It’s time to change – wake up Indian Universities

By | November 11, 2016
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It’s time to change – wake up Indian Universities

Indian higher education sector is at a precarious position. It is because there is a conceptual difference in the motive to join a university between the students in a developed country and a developing country. In developed countries students join universities in quest of knowledge and to further their careers in chosen profession. In a degree seeking environment that prevails in India the aptitude and interest in a particular field are not given due importance and main concern is to acquire a degree and , thereafter, get a preferably white-collar job. Consequently, there is a mad rush for ‘placements’ resulting in undesirable activities. It is a known fact that higher educational institutions indulge in many malpractices to entice HR representatives from the industry to recruit the students.

We should understand that we need an environment where universities are motivated to concentrate on providing quality education. An environment needs to be created wherein universities, instead of hankering after placements, are forced to produce graduates who can acquire certifications from independent bodies.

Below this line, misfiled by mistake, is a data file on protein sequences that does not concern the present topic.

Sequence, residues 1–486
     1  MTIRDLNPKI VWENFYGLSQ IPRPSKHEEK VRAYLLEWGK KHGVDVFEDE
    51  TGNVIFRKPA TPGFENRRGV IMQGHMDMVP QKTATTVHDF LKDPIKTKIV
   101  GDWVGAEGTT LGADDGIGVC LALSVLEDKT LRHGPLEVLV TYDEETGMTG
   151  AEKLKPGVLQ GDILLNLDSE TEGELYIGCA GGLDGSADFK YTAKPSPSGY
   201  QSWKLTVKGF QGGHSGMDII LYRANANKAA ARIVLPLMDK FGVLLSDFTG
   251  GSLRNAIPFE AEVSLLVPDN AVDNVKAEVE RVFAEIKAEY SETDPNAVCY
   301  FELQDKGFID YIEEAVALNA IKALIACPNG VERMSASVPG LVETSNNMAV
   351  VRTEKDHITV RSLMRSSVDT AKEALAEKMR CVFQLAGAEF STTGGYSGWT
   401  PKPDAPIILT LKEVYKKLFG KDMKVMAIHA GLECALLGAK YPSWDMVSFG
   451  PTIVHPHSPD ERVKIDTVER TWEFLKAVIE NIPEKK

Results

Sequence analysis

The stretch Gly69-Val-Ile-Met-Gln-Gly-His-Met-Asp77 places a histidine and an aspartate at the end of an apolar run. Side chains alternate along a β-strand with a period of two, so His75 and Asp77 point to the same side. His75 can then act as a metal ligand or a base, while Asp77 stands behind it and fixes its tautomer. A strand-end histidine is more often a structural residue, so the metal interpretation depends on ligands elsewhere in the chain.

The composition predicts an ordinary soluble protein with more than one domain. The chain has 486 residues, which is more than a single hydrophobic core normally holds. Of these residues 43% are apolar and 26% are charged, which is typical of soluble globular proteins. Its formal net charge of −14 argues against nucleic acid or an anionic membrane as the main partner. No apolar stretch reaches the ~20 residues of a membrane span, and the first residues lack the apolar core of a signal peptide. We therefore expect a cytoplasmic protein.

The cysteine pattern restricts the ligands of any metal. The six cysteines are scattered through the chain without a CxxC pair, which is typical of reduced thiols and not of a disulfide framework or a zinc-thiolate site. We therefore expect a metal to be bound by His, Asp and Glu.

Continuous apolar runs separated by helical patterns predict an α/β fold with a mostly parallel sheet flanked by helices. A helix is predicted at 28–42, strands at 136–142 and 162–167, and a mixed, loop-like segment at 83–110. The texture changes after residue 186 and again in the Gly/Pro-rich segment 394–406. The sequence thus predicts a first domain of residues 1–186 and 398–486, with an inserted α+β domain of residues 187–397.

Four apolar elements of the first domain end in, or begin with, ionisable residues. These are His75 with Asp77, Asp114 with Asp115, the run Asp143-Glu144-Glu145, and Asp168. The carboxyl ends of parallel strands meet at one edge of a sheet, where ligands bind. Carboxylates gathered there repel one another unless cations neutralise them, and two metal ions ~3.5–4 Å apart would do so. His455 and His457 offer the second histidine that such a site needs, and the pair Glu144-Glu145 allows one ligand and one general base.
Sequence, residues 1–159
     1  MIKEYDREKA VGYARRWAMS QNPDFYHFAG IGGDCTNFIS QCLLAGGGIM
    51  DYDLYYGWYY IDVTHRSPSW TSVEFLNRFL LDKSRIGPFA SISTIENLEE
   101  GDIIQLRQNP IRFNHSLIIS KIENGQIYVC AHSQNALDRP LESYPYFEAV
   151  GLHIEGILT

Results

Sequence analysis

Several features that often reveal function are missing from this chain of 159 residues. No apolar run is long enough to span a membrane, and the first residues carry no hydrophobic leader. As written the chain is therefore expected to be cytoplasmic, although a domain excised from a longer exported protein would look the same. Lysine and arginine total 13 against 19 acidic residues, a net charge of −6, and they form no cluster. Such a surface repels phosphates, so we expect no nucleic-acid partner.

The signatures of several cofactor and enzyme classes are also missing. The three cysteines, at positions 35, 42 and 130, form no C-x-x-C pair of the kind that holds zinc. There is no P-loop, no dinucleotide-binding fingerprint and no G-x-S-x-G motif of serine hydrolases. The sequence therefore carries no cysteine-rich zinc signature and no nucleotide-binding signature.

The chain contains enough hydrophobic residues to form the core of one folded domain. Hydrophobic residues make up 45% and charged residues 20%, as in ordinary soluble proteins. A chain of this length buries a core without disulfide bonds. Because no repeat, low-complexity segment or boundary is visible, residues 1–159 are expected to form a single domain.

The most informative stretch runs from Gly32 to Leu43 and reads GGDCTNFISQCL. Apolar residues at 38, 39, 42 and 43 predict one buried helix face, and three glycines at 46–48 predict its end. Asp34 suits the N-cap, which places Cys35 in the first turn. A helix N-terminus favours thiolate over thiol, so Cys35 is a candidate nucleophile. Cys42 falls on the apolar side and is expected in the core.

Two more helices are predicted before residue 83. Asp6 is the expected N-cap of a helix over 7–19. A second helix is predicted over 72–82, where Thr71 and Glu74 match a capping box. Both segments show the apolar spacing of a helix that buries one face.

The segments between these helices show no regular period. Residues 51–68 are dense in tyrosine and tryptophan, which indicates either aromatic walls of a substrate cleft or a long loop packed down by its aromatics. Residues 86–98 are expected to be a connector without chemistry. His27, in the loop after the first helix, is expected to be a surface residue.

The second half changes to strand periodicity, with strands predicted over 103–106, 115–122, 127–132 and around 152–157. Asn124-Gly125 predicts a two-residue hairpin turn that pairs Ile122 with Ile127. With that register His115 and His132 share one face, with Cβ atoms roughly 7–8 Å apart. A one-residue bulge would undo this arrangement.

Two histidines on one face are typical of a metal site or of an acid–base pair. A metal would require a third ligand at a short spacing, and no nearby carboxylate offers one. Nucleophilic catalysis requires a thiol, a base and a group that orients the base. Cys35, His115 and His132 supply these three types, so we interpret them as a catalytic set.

Today there is neither a structured system nor adequate commitment to produce quality teachers commensurate with the increasing demand for higher education. The magnitude of the challenge can be gauged by the fact that India’s nearly 800 universities and 40,000 colleges employ 8 lakh faculty to teach almost 3.3 crore students but there is no formal system to train the faculty.

The problems faced by Indian higher education sector are multi-faceted. To rebuild our higher education system there is a need to bring about a model shift from preference for degrees to acquisition of higher order skills in students. A well designed faculty development programmes conducted through institutions set up for the purpose could be another step to rejuvenerate higher education in India.

Within a specified time, it needs to be ensured that all learners acquire the knowledge and skills needed to promote sustainable development and sustainable lifestyle, human rights, gender equality, promotion of culture of peace and non-violence, global citizenship and appreciation of cultural diversity and of culture’s contribution to sustainable development.

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Author: Mayank Shekhar

LLM, Faculty of Law, University of Delhi, UGC NET (Law) qualified. Under Mayank's leadership, Legal Bites has been researching and developing resources through blogging, educational resources, competitions, and seminars.

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